We like sinning, we do not want to stop, otherwise we would.

    Most Christians do not take sin seriously enough. Sins vs sin…sin ought to win everytime. That ought be our focus.

  3. Steve Martin says:

    “But, Paul did not say that we share Adam’s guilt for Adam’s sin. I suspect we all have enough guilt of our own!”

    True enough, Alden!


  4. me says:

    Steve, I have no problem with sin coming into the world through Adam (I am not Pelagian by any means…). But, Paul did not say that we share Adam’s guilt for Adam’s sin. I suspect we all have enough guilt of our own!

  5. me says:

    No danger of me burning your tapes. I think I have one tape left, which I should finish this week. (I’m finally back on the treadmill, so I have time to listen to them.)

  6. Fred says:

    I want my Augustine tapes back before you burn them.

  7. Steve Martin says:

    I think, also, that the view of original sin helps put sin into proper perspective as our condition.

    So many Christians ephasize sins (plural) and that takes them into the realm of what we do.

    Focusing on sin (our condition) puts the emphasis on the fact that we are in bondage to sin. That we actually LIKE SINNING (otherwise we would refrain from it).

    So, Romans 5:12 is helpful in that respect, too.

  8. Steve Martin says:

    St. Paul also (Romans 5:12) says that sin came into the world through Adam.

    He says Adam was “a type of the one to come.”

    So that grace would come to the whole world through one.


    I think that there is no better picture of original sin than of infants. They are selfish and are not concerned AT ALL with the other.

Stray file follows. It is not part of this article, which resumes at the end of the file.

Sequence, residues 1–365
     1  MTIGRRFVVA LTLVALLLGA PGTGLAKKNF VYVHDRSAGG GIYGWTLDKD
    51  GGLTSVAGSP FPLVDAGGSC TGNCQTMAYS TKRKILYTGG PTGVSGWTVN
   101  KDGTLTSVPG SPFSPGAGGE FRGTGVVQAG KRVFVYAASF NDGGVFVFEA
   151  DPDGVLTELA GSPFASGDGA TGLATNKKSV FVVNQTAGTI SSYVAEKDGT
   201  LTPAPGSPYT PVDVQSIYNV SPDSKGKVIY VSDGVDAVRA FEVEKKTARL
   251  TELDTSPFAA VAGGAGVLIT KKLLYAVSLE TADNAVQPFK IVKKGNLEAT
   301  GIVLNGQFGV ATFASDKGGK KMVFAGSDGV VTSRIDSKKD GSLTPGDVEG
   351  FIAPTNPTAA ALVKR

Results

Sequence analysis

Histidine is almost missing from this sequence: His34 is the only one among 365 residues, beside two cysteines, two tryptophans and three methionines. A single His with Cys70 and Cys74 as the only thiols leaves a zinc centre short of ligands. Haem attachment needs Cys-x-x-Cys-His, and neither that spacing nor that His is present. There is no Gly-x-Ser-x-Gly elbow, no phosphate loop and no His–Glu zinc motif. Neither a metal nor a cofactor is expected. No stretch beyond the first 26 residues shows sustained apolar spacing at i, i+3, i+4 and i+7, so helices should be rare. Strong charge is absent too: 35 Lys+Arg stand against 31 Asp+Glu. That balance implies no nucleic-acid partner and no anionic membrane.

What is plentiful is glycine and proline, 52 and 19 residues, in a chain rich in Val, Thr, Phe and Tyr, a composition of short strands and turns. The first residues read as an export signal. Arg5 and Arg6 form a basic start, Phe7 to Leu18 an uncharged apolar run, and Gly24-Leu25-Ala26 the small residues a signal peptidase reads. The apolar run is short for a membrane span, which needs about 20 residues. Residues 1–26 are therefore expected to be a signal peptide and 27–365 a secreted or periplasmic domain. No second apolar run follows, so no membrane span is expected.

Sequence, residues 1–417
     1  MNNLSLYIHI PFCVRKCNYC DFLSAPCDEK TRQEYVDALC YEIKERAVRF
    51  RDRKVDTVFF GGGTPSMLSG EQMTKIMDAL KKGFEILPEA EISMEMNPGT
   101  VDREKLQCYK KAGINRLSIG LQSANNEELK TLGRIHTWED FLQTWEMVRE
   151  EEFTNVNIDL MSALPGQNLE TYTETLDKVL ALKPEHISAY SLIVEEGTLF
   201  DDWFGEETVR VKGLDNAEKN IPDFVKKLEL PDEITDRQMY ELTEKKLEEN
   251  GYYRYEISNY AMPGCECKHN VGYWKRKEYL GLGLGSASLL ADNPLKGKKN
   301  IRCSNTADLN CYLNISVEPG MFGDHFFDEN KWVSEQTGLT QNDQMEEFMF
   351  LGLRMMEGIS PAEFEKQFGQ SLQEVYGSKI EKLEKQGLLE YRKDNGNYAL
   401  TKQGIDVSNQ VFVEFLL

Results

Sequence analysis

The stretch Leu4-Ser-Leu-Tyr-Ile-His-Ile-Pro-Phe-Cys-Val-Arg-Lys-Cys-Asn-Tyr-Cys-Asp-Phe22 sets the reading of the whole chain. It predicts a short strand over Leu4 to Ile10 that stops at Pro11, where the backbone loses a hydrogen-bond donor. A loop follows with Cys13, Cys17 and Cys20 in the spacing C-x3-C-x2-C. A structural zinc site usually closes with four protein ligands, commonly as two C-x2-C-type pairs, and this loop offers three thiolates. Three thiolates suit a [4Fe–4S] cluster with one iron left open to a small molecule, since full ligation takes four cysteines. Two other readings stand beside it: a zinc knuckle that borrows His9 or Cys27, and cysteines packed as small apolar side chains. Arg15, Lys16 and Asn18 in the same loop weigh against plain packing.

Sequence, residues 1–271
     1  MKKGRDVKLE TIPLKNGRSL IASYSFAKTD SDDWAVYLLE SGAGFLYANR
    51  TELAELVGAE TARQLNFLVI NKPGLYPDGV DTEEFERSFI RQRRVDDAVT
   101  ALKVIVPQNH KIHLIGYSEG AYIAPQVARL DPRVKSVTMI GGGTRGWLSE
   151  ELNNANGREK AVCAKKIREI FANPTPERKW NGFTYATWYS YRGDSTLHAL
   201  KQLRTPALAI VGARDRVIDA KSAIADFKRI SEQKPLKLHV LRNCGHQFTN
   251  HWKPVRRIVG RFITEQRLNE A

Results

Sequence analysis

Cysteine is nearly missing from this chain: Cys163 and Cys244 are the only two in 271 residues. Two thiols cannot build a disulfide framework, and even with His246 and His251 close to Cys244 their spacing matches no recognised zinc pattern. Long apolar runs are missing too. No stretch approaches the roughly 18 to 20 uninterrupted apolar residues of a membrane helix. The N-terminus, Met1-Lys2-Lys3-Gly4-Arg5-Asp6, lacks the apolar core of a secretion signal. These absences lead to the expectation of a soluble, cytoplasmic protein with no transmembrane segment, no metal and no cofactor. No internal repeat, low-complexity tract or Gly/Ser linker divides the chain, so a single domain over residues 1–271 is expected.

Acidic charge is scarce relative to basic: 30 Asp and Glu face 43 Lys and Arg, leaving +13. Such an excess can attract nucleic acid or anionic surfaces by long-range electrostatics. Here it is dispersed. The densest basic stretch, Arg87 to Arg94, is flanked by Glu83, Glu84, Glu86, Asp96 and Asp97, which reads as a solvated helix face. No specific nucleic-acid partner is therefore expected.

I think this view helps when understanding the role of baptism (particularly infant baptism ) in the church as well, and the imporatnt of it.

    I haven’t thought too much about Jesus inheriting sin because of Mary.

    Maybe it does make sense. But making sense (to us)does not always follow God’s reality.

    Good points to ponder, Alden.

  9. me says:

    What does it mean to be “conceived in sin?” I think it is dangerous to build any theology on a comment found in poetry (Psalm 51). If we are to take that literally, then we also must believe that God broke David’s bones. Being too literal results in doctrines like Mary’s sinlessness (starting an infinite regression problem). Interesting that David contrasts this with God teaching him wisdom while he was in the womb. Again, is this to be taken literally, or is this poetic imagery with a dash of hyperbole?

    The 2 contrasting viewpoints are:

    1) Augustine/Calvin: We are guilty because Adam sinned, even if we have not sinned ourselves. If this is true, the RCC position is correct, logically, that Mary had to be sinless, too, or Jesus would have inherited Adam’s guilt.

    2) The early church fathers/Eastern church: We inherited a defective, damaged (sinful) nature, similar to inheriting a genetic defect. We have “all sinned” as a result, so we have our own guilt, and Adam keeps his. This appears consistent with Luther’s statement that sin is like “a spiritual poison or leprosy” and his Orthodox-like thoughts on deification.

  10. Steve Martin says:

    Interesting post, Alden.

    If we are conceived in sin (as the Bible says)are we not guilty from the git-go?

    If not, then at what point do we become guilty?